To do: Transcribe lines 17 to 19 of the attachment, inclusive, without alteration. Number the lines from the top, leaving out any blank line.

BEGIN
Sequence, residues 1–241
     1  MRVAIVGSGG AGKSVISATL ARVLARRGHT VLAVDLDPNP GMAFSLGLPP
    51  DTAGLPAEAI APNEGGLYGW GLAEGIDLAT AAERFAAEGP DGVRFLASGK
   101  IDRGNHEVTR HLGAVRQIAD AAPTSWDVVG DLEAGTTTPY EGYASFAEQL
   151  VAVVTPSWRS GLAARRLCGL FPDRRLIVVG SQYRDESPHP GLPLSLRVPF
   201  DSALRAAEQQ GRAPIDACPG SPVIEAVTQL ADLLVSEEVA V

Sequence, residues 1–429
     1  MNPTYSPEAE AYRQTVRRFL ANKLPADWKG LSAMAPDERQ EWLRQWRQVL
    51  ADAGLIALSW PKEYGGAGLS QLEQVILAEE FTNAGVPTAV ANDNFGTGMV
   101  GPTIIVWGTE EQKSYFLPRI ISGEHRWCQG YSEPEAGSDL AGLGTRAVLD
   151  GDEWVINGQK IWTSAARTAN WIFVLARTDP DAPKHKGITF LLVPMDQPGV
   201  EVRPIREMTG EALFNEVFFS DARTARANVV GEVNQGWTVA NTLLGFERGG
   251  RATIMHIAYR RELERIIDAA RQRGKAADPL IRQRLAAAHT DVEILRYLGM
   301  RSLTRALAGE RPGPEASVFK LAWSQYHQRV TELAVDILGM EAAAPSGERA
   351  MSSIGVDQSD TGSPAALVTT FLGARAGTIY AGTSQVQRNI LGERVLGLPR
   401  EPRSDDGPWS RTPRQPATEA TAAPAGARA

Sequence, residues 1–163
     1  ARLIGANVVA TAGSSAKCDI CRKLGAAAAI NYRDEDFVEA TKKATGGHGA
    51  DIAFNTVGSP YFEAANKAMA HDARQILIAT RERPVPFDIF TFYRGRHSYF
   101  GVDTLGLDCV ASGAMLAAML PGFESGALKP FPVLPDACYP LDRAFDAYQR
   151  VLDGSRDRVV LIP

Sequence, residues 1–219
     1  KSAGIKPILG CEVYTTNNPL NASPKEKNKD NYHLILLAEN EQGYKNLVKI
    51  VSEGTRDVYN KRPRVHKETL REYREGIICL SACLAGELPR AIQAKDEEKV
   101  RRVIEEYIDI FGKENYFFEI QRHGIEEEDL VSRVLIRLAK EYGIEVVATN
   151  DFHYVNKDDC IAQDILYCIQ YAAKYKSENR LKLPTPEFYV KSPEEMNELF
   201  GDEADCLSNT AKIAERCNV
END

Sequence, residues 1–163
     1  ARLIGANVVA TAGSSAKCDI CRKLGAAAAI NYRDEDFVEA TKKATGGHGA
    51  DIAFNTVGSP YFEAANKAMA HDARQILIAT RERPVPFDIF TFYRGRHSYF